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Police Patrol. Management Question: How do you most effectively allocate police personnel? Answered with the tools of scientific management. PATROL - the backbone of policing Majority of officers assigned to Patrol provide the bulk of police services Patrol officers as “Gatekeepers” to CJS

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police patrol

Police Patrol

Management Question: How do you most effectively allocate police personnel? Answered with the tools of scientific management.

PATROL - the backbone of policing

Majority of officers assigned to Patrol provide the bulk of police services

Patrol officers as “Gatekeepers” to CJS

Patrol is the formative part of an officer’s career

Assignments based upon seniority

New officers start where? Patrol

Street experience is shared among all officers: bonding

Patrol considered least desirable assignment

police patrol2

Police Patrol


Deter Crime

Enhance sense of public safety through police presence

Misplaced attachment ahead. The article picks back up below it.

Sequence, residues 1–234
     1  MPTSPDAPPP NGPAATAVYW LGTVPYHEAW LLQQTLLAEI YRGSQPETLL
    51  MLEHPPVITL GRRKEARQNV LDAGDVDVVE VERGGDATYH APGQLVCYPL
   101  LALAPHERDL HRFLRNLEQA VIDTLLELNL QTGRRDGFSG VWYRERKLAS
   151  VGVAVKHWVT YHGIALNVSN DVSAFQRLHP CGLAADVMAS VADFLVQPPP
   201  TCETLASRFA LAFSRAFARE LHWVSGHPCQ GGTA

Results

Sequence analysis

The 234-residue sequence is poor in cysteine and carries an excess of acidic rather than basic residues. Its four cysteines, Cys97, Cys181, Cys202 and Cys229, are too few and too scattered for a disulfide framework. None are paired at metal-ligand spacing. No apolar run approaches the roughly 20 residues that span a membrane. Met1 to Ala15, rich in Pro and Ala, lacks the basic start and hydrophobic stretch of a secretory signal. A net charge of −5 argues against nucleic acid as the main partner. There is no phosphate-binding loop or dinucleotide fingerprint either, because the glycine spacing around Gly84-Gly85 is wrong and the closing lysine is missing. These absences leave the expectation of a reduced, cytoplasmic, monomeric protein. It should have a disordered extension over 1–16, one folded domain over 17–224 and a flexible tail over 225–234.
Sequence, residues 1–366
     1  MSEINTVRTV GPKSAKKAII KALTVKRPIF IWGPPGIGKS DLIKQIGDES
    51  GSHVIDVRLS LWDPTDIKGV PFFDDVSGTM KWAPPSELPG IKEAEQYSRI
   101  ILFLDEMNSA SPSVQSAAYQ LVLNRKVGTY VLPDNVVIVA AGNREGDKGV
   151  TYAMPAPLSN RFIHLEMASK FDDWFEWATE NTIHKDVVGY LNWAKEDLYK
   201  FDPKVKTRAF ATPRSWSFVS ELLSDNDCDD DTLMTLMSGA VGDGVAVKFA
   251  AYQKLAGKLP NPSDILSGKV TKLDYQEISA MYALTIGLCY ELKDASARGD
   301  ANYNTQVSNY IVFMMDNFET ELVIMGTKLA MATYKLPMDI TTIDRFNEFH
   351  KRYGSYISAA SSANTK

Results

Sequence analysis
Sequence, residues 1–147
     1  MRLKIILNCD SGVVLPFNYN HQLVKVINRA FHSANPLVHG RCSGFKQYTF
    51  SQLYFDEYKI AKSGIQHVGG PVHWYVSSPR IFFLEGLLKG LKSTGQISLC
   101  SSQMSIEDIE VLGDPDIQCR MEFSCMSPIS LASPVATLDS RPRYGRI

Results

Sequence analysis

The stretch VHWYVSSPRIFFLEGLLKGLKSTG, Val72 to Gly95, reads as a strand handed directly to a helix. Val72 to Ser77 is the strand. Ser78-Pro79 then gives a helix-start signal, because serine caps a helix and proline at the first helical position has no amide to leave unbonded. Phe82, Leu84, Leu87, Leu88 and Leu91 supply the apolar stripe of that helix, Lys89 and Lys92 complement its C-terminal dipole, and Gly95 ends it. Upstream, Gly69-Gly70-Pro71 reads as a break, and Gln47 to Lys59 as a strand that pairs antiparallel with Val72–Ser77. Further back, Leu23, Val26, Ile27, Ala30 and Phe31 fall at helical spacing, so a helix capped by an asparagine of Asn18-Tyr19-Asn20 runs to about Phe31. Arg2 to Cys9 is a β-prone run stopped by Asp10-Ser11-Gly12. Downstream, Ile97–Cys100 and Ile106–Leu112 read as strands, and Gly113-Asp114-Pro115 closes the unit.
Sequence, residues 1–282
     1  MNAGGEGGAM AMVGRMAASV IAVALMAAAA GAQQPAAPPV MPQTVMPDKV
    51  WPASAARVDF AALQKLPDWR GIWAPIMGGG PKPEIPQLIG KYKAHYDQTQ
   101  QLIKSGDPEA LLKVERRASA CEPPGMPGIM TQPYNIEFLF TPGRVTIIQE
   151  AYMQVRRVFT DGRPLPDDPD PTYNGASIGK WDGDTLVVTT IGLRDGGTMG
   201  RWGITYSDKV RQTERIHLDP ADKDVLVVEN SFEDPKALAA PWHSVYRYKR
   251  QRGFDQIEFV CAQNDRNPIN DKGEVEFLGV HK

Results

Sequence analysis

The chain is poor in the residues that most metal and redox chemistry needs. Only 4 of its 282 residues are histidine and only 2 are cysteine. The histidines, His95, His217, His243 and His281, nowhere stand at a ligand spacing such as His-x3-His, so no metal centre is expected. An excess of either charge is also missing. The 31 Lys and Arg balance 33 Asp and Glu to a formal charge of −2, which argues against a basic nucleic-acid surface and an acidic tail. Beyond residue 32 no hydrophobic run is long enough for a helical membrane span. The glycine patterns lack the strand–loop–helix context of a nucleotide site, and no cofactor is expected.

To make officers available for service delivery by physically distributing them throughout space

police patrol3

Police Patrol


Number of Officers: Police-Population Ratio

Has little relationship to crime rate or calls for service

Cities with high crime often have more officers

Allocation & Distribution of Officers to Patrol

Based on workload formulas

Time of Day (more serious crime at night)

Location (crime/disorder more common in poorer areas; lower income disproportionately racial minority)

Questions: -No standard among police depts. -Geographic changes in neighborhoods

organization delivery of patrol


Assignment to Shifts & Areas

Variety of Assignment Methods

Seniority System


Research (PERF) on frequent shifting shows effects include loss of sleep, health probs, on-the-job accidents, family probs, low morale

Hot Spots: Areas that receive a disproportionate number of calls for service

Sherman (1989) Minneapolis Study: 5% of addresses account for 64% of calls (60% no calls)


types of patrol


Most (84%) police patrol is automobile

Cars provide more efficient patrol than foot

Cover more area, pass each point more often

Patrol in an unpredictable manner

Respond quickly to calls for service

Shift from foot to car occurs from 1920-1950s

Consequences of patrol cars

loss of direct contact with citizens (especially law-abiding)